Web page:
Sidwadweni, the home of the new Miss Universe

Young and old at Sidwadweni in Tsolo toast Zozibini Tunzi's Miss Universe 2019 victory yesterday. /LULAMILE FENI
Young and old at Sidwadweni in Tsolo toast Zozibini Tunzi's Miss Universe 2019 victory yesterday. /LULAMILE FENI

As an emotional Zozibini Tunzi held her face in her hands, barely believing she had been crowned Miss Universe yesterday, in her rural village of Sidwadweni, relatives and neighbours huddled around their TVs sharing in the big moment.

The girl known as "Loza", who used to push a wheelbarrow to fetch water from a neighbouring village, is now one of the most famous faces in the world.

Tunzi, the reigning Miss SA, beating 90 other women at a glitzy event in Atlanta in the US in the early hours of Monday, SA time.

Asked by host and television personality Steve Harvey what young girls needed to be taught, Zozibini said: "I think the most important thing we should be teaching young girls today is leadership. It's something that has been lacking in young girls for a very long time, not because we don't want to [take leadership roles], but because of how society has labelled women to be."

It was a message that resonated immediately with the young women of her village, near Tsolo, many of whom stayed up all night to see if she would bring home the crown.

Speaking to Sowetan's sister publication Dispatch at Tunzi's family home yesterday, Sinoxolo Magwevana, 10, said: "I just love sisi Zozibini and could not miss watching her on TV. I want to do beauty pageants and become a successful model just like her."

For the young and old in her village her crowning was an occasion that was never going to be missed - no matter what it took.

Nontyatyambo Mgaju, 31, who grew up with Tunzi and is her next-door neighbour, said while most people watched the Miss Universe pageant on television, some relied on a WhatsApp group set up by young people in the village for updates.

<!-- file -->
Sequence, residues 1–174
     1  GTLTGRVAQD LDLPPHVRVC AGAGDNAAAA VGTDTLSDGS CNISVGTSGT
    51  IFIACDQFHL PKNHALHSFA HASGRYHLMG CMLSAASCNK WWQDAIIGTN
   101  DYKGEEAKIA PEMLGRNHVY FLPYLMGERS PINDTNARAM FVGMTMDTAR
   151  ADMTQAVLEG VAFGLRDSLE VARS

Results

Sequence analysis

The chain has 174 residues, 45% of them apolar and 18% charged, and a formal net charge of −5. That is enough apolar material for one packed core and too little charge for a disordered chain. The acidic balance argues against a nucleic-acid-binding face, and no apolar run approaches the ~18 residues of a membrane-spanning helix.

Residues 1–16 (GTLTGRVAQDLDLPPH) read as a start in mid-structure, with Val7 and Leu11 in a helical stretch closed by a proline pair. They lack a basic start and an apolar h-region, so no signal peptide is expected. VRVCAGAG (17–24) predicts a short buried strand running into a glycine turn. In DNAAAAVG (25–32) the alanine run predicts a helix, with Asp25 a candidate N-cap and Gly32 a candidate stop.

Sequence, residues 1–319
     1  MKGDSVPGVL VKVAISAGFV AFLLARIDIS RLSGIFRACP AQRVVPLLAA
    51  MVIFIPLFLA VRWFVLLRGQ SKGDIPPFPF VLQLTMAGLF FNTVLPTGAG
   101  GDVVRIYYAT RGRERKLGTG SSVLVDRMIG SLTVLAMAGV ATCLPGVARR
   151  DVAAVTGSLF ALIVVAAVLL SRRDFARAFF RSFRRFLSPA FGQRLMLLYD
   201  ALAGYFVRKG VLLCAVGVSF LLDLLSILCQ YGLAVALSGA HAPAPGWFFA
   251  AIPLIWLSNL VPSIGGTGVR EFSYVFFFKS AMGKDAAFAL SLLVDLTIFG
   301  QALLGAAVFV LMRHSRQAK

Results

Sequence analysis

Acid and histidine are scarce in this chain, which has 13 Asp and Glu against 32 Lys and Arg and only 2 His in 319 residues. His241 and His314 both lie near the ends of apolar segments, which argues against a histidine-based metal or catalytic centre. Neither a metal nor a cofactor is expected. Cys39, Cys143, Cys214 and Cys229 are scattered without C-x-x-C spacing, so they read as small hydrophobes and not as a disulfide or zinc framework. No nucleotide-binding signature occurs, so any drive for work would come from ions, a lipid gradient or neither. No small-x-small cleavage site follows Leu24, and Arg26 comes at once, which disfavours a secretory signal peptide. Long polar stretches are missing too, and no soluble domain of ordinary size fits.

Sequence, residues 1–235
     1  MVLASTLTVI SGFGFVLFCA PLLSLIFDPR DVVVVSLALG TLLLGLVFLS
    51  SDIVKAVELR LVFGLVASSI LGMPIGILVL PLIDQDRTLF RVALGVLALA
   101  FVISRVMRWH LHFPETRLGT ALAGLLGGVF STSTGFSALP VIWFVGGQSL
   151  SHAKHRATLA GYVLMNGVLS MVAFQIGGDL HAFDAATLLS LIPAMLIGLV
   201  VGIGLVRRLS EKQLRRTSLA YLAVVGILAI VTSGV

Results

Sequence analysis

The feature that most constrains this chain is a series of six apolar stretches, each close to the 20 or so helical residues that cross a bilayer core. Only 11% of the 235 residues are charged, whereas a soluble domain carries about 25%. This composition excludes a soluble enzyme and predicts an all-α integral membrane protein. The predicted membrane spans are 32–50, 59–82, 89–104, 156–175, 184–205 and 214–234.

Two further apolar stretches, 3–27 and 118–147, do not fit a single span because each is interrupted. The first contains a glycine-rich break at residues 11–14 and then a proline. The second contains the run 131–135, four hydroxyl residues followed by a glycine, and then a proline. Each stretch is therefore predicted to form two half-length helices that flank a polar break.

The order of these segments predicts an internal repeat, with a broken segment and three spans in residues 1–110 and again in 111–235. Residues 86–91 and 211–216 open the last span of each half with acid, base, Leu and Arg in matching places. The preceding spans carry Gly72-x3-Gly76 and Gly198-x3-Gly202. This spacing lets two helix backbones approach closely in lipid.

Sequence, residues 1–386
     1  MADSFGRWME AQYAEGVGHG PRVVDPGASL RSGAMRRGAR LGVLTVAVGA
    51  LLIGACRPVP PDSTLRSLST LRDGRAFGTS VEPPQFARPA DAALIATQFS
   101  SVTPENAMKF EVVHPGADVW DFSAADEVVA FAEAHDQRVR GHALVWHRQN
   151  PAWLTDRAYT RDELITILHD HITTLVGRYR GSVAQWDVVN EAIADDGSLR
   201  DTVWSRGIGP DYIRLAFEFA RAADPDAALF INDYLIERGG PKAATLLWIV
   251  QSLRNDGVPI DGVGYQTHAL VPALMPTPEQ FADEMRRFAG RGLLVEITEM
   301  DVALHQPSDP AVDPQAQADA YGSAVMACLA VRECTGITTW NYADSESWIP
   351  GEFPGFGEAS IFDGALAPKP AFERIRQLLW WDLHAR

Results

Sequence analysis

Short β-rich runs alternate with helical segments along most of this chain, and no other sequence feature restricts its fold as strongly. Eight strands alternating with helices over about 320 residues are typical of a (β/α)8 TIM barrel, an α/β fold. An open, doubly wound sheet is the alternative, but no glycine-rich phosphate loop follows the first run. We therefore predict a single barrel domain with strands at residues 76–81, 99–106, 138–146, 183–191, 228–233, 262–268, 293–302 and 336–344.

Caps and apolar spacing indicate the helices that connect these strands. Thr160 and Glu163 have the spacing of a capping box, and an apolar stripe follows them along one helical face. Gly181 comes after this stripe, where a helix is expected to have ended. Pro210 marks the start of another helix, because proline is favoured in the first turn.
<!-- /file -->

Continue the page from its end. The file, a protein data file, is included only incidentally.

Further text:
"It started raining at about 4am and we were discussing that this was a blessing. We knew that she would bring the title home as rain is considered a blessing in our culture," Mgaju said.

Tunzi's aunt, 61-year-old Nophelo Chaza, was also not able to see her niece on television because her TV was struck by lightning.

But she said she still had vivid memories of her young niece pushing a wheelbarrow to fetch water from a neighbouring village.

Her uncle, Gcinikhaya Tunzi, said he followed the Miss Universe pageant on radio and when Tunzi was announced the winner, he found it difficult to hold back his tears.

A group of 100 people, mostly village women, youth and children, arrived at the Tunzi homestead in song and dance.

Boys blew their vuvuzelas while others sang her praises: "uZozi lo, abamaziyo abazange bambona".

Mgaju said villagers were proud of Tunzi's achievements and they started rejoicing the moment she was crowned

"Others were even crying," she said.

She said her win would inspire a lot of youngsters in the village.

"Now youngsters do not care about weaves. She [Tunzi] is just proving a huge inspiration because she had managed to stay true to herself.

"Children are now confident that they can conquer the world without changing how they look."

Sibabalwe Mazitshana, 32, a close friend, joked that he used to carry "Loza" on his back when she was growing up.

He described his friend as a very humble and beautiful person who liked to laugh a lot, but was also very calm.

"Our children have now started to dream big because of her," Mazitshana said.

The chief of Sidwadweni, Nkosi Mziwenceba Mthawungeni Makalima, said the young beauty had put the village on the world map.

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